No. 05-16-00419-CR.

TAMMI L. DONNELL, Appellant, v. THE STATE OF TEXAS, Appellee.

Court of Appeals of Texas, Fifth District, Dallas.

Attorney(s) appearing for the Case

Lawrence B. Mitchell , for Tammi Donnell, Appellant.

Faith Johnson , Anne B. Weatherholt , for State of Texas.

Before Justices Francis, Brown, and Schenck.



Opinion by Justice DAVID J. SCHENCK.

Tammi L. Donnell appeals her conviction for aggravated assault with a deadly weapon. In two issues, she argues (1) the evidence is insufficient to support a finding that she and the victim were members of the same household and (2) the trial court erred in sustaining the State's objection to her jury arguments during the punishment phase. By cross-issue, the State requests we modify the judgment to include an affirmative finding of family violence. As modified, we affirm the trial court's judgment. Because all issues are settled in law, we issue this memorandum opinion. TEX. R. APP. P. 47.4.


William Curren lived in Dallas and worked as a nurse at the Dallas County jail. Around 2007 or 2008, Curren allowed Keenan Cloud to move in with him. The two men got along. Curren did not charge Cloud any rent because Cloud had no money. Instead, Cloud helped around the house. In October 2013, Cloud moved his girlfriend, appellant, into Curren's house. Although Curren knew of her, he did not meet appellant until she had already moved into Cloud's bedroom. Curren was initially angry that Cloud moved appellant into his house without asking permission, but Curren and appellant entered into a rental agreement for a period of six months. Although appellant paid Curren $200 initially, Curren did not require her to pay any additional rent because she did not have any money. He told her to save her money to find another place to live at the end of the six month period. At some point, Cloud moved out, and appellant remained living in Curren's house. In April 2014, appellant's lease term expired, but Curren agreed to allow her to stay until the end of May 2014. During that time, Curren helped appellant look for a new place to live by driving her to apartments and paying her application fees.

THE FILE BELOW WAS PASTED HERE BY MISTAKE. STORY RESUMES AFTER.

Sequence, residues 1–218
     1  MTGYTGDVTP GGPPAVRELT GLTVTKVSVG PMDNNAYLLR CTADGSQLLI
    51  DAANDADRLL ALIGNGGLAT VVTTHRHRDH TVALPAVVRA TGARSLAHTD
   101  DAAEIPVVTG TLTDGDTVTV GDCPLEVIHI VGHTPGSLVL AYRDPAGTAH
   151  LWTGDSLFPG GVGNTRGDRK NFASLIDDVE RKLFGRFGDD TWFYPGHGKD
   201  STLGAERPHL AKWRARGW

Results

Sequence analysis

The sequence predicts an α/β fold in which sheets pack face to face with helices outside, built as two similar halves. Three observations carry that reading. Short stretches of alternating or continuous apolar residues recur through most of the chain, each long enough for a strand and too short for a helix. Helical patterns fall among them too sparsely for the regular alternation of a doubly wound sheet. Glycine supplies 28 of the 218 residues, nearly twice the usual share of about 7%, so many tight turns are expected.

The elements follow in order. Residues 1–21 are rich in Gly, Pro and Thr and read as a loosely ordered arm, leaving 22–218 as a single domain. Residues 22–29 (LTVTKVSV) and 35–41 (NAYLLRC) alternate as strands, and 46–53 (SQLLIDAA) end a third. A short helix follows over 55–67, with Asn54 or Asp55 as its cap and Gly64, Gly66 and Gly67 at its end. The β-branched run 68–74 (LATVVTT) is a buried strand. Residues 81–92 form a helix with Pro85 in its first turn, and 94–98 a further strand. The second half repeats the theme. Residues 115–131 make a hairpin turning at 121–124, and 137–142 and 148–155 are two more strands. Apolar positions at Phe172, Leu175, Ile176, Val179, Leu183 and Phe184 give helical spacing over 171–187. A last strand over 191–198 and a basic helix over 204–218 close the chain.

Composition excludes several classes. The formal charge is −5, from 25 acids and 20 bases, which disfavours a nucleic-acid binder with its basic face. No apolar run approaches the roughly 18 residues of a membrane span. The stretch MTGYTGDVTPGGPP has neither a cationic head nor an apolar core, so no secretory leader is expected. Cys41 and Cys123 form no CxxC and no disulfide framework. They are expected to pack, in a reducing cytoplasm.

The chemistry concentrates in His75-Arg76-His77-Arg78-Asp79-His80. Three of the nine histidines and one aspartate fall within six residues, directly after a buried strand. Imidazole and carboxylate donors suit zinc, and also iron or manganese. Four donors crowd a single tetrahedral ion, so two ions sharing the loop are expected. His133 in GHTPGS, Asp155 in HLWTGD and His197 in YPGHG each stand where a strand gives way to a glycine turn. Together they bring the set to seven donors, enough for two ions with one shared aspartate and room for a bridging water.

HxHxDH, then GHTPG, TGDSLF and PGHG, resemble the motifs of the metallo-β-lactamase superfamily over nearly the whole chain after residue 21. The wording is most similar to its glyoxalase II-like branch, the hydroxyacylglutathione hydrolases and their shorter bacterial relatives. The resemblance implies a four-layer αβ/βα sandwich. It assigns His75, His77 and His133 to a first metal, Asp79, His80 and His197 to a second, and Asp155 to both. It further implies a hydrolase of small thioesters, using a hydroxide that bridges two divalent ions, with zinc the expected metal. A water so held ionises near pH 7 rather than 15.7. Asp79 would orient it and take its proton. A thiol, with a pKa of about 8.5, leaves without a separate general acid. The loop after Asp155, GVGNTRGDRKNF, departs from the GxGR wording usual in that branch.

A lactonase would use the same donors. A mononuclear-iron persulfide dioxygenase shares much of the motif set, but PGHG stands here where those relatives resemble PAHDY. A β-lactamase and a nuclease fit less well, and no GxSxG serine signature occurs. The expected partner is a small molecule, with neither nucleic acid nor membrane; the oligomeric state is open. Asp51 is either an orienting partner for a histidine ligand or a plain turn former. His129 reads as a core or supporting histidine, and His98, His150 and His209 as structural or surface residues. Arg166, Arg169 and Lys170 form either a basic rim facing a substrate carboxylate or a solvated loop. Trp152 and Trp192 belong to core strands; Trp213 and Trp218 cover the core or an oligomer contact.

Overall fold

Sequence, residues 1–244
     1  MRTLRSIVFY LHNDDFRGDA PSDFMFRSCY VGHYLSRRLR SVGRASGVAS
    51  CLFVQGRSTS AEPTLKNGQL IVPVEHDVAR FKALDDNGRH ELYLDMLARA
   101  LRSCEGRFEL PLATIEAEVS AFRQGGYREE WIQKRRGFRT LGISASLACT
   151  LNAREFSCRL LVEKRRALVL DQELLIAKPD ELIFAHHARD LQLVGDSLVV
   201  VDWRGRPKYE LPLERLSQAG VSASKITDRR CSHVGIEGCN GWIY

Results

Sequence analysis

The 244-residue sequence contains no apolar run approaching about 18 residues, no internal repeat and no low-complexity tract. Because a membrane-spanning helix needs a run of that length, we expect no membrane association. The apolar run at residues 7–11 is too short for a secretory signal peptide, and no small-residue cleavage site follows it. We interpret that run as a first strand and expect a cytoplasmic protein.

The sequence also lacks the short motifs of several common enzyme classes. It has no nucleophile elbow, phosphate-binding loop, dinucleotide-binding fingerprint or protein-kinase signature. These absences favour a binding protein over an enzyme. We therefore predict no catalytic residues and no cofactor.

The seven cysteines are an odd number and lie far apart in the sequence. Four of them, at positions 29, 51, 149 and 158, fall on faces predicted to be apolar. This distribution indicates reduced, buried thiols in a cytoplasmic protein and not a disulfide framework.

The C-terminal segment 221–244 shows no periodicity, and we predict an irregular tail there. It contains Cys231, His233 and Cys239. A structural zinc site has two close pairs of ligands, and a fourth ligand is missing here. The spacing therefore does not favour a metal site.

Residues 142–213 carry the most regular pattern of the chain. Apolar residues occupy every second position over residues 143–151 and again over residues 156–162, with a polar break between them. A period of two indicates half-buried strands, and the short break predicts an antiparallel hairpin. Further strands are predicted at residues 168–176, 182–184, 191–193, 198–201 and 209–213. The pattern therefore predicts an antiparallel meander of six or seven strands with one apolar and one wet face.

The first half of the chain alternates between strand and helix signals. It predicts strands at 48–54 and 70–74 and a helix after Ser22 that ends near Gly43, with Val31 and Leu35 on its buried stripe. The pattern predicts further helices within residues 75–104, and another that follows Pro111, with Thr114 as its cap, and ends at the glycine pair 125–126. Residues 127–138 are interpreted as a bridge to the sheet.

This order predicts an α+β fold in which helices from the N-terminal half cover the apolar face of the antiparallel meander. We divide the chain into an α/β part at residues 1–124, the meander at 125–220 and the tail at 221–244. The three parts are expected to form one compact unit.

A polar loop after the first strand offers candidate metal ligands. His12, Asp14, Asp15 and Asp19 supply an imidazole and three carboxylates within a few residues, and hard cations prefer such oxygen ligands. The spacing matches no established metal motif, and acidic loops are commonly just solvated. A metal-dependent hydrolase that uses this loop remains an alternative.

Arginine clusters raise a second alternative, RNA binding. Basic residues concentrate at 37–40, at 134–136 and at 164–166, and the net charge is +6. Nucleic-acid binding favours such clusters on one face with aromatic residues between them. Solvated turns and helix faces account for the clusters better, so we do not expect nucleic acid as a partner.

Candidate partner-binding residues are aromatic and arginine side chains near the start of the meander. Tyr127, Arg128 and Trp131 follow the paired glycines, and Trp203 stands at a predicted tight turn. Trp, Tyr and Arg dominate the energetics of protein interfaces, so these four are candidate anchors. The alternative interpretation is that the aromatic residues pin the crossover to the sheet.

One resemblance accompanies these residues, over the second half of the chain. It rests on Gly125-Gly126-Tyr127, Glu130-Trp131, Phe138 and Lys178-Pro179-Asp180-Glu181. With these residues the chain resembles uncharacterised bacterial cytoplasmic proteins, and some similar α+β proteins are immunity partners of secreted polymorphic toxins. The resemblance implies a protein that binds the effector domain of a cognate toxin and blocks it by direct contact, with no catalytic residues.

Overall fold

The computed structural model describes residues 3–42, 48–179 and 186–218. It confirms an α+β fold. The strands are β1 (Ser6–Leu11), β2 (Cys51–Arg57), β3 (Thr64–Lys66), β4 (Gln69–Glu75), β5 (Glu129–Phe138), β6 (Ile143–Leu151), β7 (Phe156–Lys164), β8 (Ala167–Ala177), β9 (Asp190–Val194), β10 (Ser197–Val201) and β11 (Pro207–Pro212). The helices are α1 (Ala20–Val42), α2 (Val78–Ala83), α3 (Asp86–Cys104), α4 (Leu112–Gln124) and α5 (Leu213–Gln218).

On or about May 27, 2014, Curren and a friend of his met with appellant to inquire as to whether she had found another place to live. Appellant reacted poorly. She became hysterical and threatened that "[i]f someone tries to make me leave somebody's going to get hurt." Curren called the police, who spoke with appellant, but told Curren they could not evict appellant. Curren left his house to stay with his friend for a few days.

Curren returned to his house the night of May 30, 2014. Within a short time of his arrival, appellant walked up to Curren and sprayed him in the face with pepper spray. Appellant and at least one other assailant bludgeoned Curren with a flat iron, which Curren managed to wrestle away and throw through a window. At one point during the assault, Curren looked up and recognized Cloud as one of his assailants. Appellant sat on Curren while she and Cloud continued to attack Curren, hit him about the head with metal objects, stabbed at his neck with a knife, and poured scalding hot water on him. Eventually appellant got off of Curren, and Curren was able to wrestle the knife away from her and escape to the master bathroom where he barricaded himself inside and yelled for help from the window. When Curren thought appellant and her accomplices had left the house, he crawled to a phone and called the police.

A grand jury indicted appellant for aggravated assault with a deadly weapon, causing serious bodily injury and involving family violence. Appellant pleaded not guilty and proceeded to trial before a jury who found appellant guilty of the charged offense and sentenced appellant to twenty-five years' imprisonment.



In her first issue, appellant argues the evidence was insufficient to support one of the elements of the charged offense, specifically the finding that appellant and Curren were members of the same household at the time of the commission of the offense. She alleges the evidence shows that three days before the assault, Curren—the sole owner of the house—had ordered her to vacate the premises such that from that point forward, appellant was no longer a member of Curren's household.